In multi-family buildings, the split of production and billing among different tenants remains a complex issue, which is often solved on a case-by-case basis. The reluctance of some tenants is also thwarting adoption in multi-family buildings.

Self-consumption policies are often plagued by inadequate grid cost policies and sometimes the lack of understanding by grid operators, who are faced with rapid developments in distributed PV. This is especially obvious for delocalised self-consumption, which allows compensating production and consumption between different locations, and which requires a specific pricing of grid use and often modifications of laws between the sides to reach competitiveness.

Due to the variable character both for the solar PV production, as well as for the energy demand, flexibility options and on-site energy storage capacity are recommended.

In general, barriers are social, financial, psychological, and regulatory rather than technical. The technology has reached such a level of maturity that it can be deployed easily everywhere.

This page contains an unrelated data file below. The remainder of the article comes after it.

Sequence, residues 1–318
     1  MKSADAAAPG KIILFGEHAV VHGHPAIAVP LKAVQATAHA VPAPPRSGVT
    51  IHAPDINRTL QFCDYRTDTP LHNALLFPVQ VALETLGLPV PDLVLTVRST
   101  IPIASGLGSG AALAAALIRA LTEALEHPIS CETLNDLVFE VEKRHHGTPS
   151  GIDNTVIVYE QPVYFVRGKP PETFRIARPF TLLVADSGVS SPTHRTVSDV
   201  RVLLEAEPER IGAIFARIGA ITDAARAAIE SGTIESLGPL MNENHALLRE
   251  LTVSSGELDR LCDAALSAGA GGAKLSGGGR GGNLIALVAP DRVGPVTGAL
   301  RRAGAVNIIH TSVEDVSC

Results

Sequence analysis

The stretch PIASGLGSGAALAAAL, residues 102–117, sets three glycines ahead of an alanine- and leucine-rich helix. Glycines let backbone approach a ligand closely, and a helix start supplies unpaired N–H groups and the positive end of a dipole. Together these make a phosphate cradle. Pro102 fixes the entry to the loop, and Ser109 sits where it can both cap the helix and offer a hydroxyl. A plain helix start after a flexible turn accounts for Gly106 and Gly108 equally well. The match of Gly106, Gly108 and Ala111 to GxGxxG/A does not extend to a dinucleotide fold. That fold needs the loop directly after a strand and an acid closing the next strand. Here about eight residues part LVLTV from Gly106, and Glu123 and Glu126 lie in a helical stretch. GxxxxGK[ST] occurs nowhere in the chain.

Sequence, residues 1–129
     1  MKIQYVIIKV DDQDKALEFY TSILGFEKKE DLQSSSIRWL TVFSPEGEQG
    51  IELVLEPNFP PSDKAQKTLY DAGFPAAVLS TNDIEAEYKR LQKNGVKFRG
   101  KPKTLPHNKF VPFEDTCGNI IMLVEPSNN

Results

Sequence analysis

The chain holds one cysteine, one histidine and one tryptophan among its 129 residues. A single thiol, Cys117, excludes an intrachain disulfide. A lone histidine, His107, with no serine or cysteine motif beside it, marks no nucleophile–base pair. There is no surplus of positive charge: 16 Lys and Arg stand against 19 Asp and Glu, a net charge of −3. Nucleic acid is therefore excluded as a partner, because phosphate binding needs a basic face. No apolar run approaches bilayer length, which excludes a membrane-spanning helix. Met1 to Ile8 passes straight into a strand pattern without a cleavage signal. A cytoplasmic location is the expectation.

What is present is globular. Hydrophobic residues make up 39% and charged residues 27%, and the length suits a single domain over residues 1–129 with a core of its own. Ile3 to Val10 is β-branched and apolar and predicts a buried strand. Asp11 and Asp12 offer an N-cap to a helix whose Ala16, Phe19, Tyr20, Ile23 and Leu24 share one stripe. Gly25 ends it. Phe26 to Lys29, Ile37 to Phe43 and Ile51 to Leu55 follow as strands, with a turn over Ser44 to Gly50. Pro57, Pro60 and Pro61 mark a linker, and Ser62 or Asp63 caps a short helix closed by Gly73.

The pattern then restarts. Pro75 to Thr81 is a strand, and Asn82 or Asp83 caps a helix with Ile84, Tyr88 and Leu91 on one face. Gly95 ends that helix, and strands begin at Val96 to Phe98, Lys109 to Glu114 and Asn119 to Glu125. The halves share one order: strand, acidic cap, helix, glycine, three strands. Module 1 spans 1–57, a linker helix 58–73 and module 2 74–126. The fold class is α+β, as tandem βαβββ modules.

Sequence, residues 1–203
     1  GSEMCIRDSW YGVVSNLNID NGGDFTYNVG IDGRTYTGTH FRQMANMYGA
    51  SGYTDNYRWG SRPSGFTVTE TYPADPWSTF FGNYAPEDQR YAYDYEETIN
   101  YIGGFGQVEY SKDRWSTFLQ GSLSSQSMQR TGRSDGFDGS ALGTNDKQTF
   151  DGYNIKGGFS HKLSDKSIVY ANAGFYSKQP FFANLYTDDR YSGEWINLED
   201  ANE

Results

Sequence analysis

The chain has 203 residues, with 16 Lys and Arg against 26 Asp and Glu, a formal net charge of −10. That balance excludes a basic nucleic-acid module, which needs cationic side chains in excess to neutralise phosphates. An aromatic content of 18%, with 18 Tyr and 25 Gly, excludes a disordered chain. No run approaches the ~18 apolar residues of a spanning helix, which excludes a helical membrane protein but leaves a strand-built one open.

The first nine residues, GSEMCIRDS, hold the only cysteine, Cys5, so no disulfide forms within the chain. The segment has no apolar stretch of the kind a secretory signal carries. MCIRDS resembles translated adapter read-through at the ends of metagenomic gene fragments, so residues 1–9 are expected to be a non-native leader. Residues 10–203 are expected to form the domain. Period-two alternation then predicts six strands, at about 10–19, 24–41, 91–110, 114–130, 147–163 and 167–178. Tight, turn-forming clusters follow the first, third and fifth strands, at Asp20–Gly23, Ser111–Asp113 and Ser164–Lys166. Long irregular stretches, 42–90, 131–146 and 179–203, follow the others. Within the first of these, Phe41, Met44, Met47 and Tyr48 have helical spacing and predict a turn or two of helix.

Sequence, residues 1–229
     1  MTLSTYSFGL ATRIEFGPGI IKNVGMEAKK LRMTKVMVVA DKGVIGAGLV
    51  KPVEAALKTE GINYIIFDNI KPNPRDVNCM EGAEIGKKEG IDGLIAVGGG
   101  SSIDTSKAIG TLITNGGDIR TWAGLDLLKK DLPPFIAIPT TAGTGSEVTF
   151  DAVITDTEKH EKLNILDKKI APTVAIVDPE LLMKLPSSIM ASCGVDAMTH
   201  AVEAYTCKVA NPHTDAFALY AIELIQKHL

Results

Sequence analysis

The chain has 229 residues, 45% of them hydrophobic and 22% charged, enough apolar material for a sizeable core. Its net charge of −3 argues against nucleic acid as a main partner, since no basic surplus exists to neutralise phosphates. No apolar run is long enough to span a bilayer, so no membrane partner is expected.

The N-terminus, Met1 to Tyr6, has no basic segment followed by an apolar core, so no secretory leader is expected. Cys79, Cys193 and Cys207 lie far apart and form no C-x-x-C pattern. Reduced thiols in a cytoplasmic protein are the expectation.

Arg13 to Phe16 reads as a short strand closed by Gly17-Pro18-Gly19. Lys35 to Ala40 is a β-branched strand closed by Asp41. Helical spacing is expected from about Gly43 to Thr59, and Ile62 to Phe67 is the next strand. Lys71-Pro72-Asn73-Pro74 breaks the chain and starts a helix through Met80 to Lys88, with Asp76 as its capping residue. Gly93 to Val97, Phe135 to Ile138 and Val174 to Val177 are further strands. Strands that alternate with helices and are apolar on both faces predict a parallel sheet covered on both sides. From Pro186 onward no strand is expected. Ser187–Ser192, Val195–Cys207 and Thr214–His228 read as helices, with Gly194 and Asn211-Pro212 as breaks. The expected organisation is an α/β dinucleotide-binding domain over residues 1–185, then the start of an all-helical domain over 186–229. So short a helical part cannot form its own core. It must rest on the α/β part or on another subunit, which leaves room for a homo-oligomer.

With higher penetration, interoperability needs to be improved and the involvement of grid operators and electricity retailers could be increased. The relatively low level of self-consumption for a PV system producing roughly the same amount of energy annually as the consumption of a household is expected to increase with electric mobility and heating by heat pumps, especially if the chargers and heat pumps are equipped with smart controls, taking the access to on-site produced electricity into account.

Innovation themes covered by the IEA TCPs
Policy recommendations

Strategies

Policy recommendations

Market creation and standards

 

Regulation for installation and end-of-life use

Regulations. Define regulations and standards to ensure quality installations and easy maintenance of PV, as well as end-of-life waste management.

Develop and deploy zero-carbon-ready building (ZCRB) codes by 2030

Building codes. Set clean fuels metrics as part of ZCRB codes to promote rooftop PV as well as BIPV.

Review regulation for self-consumption policies

Regulations. Frame ad hoc self-consumption policies to allow large-scale PV development.

Define regulations towards PV recycling

Regulations. Adopt regulations for end-of-life use cases of solar PV and their recycling.

Planning instruments